The Long Run

Daniel Keys Moran


THE LONG RUN
A Tale of the Continuing Time
DANIEL KEYS MORAN
This is a work of fiction. None of the characters in it are real people and any resemblance to anybody, living or dead, is a coincidence.
It is the author's intention that this work should be freely downloadable, copyable, and shareable in electronic format. It may not be reproduced, shared, or transmitted for a fee by any party to whom the author has not contractually granted permission. The author retains all other rights.?
Copyright (c) 1989 by Daniel Keys Moran

Dedicated to
Jodi Jodi, Kathy, Kevin and Richard.
Yeah, yeah, I know. The dedications change with each passing edition. There's no law I'm aware of on the subject. And Jodi, Kathy, Kevin and Richard? They rock.
And Richard? He's two years old now. While I was proofing this manuscript I told him there was a scene where someone was Floating In Space While Awaiting Rescue, just like in Winnie the Pooh ... and he said wisely, "Christopher Robin saves him." Not a question; he was telling me how it would go.
Christopher Robin doesn't appear in this book, actually, but it was awfully cool that Richard thought he should, some twenty years after I first wrote the scene where Pooh was mentioned.
(Richard's eight now. His baby brother, Connor, is five. Time passes. DKM, 2007.)?

THE LONG RUN
A Tale of the Continuing Time
The Last Summer of His Youth
2069 Gregorian
I killed my love to set him free
For fear I'd cause him pain
I killed him--we were very young
And now I'm old again
We lived a life together once
And I was so afraid
For every life I've lived, I've died
For every life I've made
I killed my love to set him free
He wasn't hard to kill
He ran into another life
I guess he's running still
Mahliya Kutura, Many Lives
"Street Songs," 2078 Gregorian

1.
"You're Trent."
"I am?"
The young man was conservatively dressed: a gray jacket and black pants, and a white silk shirt that shone brilliantly even in the dim light from L'Express's outdoor glowfloats. He wore immaculately clean white running shoes; a single flat ruby stud shone in the lobe of his left ear. Trent's temples, where an inskin InfoNet link might have been implanted, were merely smooth skin. His hair was sandy blond, cut short, and he either wore no makeup or had turned it off.
He wore flat black sunglasses though they were hardly necessary.
It was ten minutes after six o'clock.
"You're younger than I'd expected," said the middle-aged man who had said his name was Jerry Jackson. On the phone Trent had not noticed it, but in person his voice held the faint but definite traces of a Southern accent.
"Am I?"
"And you're late," the man said. Despite the air, heavy with ozone as though a thunderstorm were about to strike, Jackson had taken a table outside beneath the gray-black skies, on the balcony level overlooking the eternally crowded streets.
"Ten minutes late ..." Trent shrugged. "Ten minutes older."
He seated himself across the table from Jerry Jackson. To the waitbot that had led him to the table he said, "A pot of coffee. With cream, no sugar."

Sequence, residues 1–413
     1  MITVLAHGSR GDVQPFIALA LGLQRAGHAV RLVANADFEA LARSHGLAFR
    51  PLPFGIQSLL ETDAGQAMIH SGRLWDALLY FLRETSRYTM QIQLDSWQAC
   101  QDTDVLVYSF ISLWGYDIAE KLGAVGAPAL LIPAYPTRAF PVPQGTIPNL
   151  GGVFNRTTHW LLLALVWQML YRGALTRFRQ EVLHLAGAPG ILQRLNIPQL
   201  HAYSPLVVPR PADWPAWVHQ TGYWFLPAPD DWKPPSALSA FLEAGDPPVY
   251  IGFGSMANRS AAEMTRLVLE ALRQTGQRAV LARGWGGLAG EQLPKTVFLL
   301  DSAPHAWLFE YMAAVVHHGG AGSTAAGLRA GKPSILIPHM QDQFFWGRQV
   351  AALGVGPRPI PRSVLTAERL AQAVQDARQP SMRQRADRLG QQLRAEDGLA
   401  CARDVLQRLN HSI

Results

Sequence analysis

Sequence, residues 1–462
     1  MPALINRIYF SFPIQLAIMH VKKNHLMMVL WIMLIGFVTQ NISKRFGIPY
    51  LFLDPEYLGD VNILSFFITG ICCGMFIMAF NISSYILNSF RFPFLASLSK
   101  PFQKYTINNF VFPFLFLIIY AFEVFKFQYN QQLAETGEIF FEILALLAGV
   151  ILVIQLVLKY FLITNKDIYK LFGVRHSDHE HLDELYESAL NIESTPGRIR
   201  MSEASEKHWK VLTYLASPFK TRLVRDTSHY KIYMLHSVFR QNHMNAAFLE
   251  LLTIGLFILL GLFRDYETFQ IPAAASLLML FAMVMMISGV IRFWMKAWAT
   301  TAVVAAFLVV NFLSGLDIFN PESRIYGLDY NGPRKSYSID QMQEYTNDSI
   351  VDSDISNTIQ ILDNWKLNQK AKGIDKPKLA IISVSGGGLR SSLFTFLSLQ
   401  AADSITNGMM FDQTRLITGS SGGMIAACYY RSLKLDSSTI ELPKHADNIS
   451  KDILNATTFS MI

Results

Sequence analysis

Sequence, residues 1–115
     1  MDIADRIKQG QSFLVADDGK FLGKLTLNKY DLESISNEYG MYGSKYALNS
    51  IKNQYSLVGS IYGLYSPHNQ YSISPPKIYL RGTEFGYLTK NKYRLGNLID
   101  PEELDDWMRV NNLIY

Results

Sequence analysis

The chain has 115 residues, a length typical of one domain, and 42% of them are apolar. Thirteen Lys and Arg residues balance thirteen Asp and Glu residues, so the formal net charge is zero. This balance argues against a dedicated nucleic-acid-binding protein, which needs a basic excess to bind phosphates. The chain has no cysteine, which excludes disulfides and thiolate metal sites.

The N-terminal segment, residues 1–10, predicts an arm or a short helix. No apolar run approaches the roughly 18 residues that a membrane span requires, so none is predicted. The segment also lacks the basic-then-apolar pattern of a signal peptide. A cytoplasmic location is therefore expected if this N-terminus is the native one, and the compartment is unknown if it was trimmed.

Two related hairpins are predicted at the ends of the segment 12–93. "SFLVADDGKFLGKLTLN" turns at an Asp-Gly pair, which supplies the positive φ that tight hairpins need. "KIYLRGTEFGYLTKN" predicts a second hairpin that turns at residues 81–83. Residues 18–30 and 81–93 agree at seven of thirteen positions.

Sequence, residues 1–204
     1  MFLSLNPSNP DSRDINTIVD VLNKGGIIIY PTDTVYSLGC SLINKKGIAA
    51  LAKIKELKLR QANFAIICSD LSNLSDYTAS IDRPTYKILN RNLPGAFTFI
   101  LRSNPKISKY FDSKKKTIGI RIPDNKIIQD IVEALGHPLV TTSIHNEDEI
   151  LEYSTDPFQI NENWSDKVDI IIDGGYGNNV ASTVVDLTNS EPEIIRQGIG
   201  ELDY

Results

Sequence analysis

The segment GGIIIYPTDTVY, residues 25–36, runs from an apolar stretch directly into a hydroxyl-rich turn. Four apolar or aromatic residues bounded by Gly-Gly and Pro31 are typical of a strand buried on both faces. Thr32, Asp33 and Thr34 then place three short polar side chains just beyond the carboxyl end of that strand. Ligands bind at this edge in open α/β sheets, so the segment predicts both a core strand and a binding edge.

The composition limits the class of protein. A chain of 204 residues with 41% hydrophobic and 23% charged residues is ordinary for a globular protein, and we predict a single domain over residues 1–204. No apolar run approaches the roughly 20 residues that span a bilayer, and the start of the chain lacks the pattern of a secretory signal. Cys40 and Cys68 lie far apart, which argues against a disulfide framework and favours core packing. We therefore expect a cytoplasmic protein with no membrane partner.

The waitbot paused, then said mildly, in the rich baritone characteristic of opera singers, newsdancers and politicians, "Monsieur, that item is not on the menu."
"Waiter, please," said Trent. They both waited while the waitbot rolled away out of listening range.
L'Express sat on the western edge of what had once been the Brooklyn Navy Yard, and was now one of the most expensive residential areas in all the Patrol Sectors. From where he sat Trent could see to the northwest, on the other side of the East River, the scarlet sparks of spacecraft rising and descending at Unification Spaceport in lower Manhattan. The dull, distant boom of craft breaking through the sound barrier touched him every twenty seconds or so.
Eight spacescrapers reared high above the skyline, eight three- to five-kilometer tall buildings; two of them did nothing but house Peaceforcers and the babychasers from the Ministry of Population Control; the Left and Right Hands of the Devil Himself, Secretary General Charles Eddore.
Trent said, "How did you get referred to me?"
"You're in the Directory."
"That wasn't the question."
Jerry Jackson was drinking something cold and green with crushed ice. He wore an exquisitely tailored blue pinstripe suit. A brushed aluminum attach¨¦ case stood upright beside his chair. The cuffs of his sleeves were fastened European style, folded back upon themselves. "Actually, Booker Jamethon gave me your name."
"Booker's a great guy," said Trent.
"He said I shouldn't hire you, that you're not dependable."
"Of course, all those years on the juice, they weren't good for him."
Jerry Jackson smiled for the first time. "'Sieur Jamethon wanted the job himself. He only gave me your name--for a fee--after I turned him down."
"Tell me about the job."
"You know CalleyTronics?"
Trent paused. "It's located on the eighth floor of the Down Plaza. They sell inskins and image
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